Written years ago on April 24, just after Michael & Michelle turned thirteen.

We rose on schedule, accomplished our morning jobs, and began schooling at 8:25 a.m., as is our custom. I gave an overview of our day and week with our visual schedule and calendar.

I read our daily Bible lesson as my children listened, recited, and asked a question or two. We covered our core subjects. Today was one of our two half days of the week. With both children reasonably stable, the morning hummed along smoothly.

Morning homeschooling was followed by recess, during which I made a dozen phone calls to find an adolescent psychiatrist who would take the children’s insurance. Our rural psychiatrist no longer “feels comfortable treating them anymore.” (Nor should she, based on drastic errors made to my children’s new schizophrenia medications. Treating twins with mental illness is not for the faint of heart.)

With phone calls made and a few prospects gathered, my children and I shared sandwiches in the car on our way to physical therapy and occupational therapy. We followed the therapies with Homeschool Swim and a visit to the library in our small town. Afterward I grocery shopped with the children for the “megacook” I plan to do tomorrow.

Back at home, I put away groceries and sorted through the pile of mail while Michael and Michelle finished independent work. My husband arrived. He and I talked awhile and walked over
to see the dogwood in bloom on the wooded lot across the street.

I browned some grass-fed ground beef for sloppy joes, made coleslaw, and steamed spinach while the meat simmered. With dinner cleaned up, I cut my husband’s hair on the back porch and took
a quick after-dinner walk with Michelle. This helps her digestion and her mood. Fragrant lilacs and raspberry-colored redbuds cheered our stroll. We returned to begin bedtime routines.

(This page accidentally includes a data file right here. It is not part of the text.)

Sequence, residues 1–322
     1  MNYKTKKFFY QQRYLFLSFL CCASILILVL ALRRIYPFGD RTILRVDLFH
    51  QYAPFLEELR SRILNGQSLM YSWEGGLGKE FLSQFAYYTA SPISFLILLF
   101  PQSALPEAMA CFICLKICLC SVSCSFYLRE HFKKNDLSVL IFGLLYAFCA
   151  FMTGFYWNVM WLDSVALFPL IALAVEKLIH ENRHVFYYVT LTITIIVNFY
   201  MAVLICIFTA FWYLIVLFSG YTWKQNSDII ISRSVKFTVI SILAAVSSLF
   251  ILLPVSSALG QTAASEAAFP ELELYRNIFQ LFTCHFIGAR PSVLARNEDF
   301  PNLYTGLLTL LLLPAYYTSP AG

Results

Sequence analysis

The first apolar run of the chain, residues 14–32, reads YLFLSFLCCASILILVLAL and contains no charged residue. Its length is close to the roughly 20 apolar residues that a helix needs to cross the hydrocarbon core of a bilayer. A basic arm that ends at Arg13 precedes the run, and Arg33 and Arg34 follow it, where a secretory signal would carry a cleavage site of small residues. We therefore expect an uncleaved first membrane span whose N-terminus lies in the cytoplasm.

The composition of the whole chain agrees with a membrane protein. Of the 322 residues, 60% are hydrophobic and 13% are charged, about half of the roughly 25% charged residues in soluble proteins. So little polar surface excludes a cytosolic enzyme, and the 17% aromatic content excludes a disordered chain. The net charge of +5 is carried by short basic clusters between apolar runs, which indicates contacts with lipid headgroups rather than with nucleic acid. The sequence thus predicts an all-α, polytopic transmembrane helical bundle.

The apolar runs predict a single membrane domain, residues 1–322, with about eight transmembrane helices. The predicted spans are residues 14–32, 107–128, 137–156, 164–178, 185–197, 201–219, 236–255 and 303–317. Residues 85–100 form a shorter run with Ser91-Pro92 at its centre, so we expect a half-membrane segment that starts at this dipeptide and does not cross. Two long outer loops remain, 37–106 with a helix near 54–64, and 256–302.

After the children and my husband went to bed, I began to feel the weight of the day. I longed to soak in the bathtub. I reached for luxuriously scented liquids and anticipated a good, hot soak—perhaps with a novel—as I turned on the faucet.

Breathing slowly the fragrance of florals and pondering which book to choose, I jumped at an urgent clatter. Crashing into my thoughts and through the bathroom door, Michelle suddenly appeared as I turned, putting her face close up to mine. Without glasses, she came closer still. Seeing wild worry in her large eyes I knew enough not to scold her for being out of bed.

“I feel all achy,” she said with grave concern, “and though I’ve never used this word this way, tender, as though I could just dissolve.” Not long before, I had read a woman’s self-described descent into schizophrenia’s grasp as the feeling of dissolving. The word brought me to attention.

Still seated on the edge of the tub, I turned off the water. I listened to my daughter as she described popping sensations in her legs and a feeling of someone watching her. Michelle looked to me for both a swift diagnosis and a sure treatment to make it all go away. Such trust.

“It’s probably those paresthesias like you get sometimes. You didn’t do anything to bring it on. It’s just one of those things.” Then I paused and looked at the swirling water. “Would you like a nice, warm bath?”

“Do you think that will help?” she asked.

“I’m sure it will. Just give me a minute, okay?”

Adding some cooler water to the beginnings of a hot bath, I readied the tub. I helped her in. I knew that her sensations were real to her and would not go away autonomously.

“Ah,” I heard as she sank slowly, “that already feels so much better.” I prepared a towel.

One day at a time. Older people tell us this. It was the title of one of my grandmother’s favorite hymns, but I never understood the concept until recently. Teaching, caregiving, and parenting every long day helps me learn this. Like the Israelites told to gather only the manna they would need for each day, so I will receive strength from God to serve and to be gentle and to be patient only one day at a time.

I know my own weakness. Being shortchanged on rest tonight by staying up to help Michelle will affect me. Tomorrow I will be able to accomplish my megacooking and homeschooling, but I will need rest soon. I’m making mental plans for my husband to keep Michael on Saturday and Betty, our older friend at church, to keep Michelle while I spend several hours at the library writing. Time away, time to lose myself in reading and writing, is my own medicine and I must take it as proactively as they take their medicines. Because I, too, am tender.

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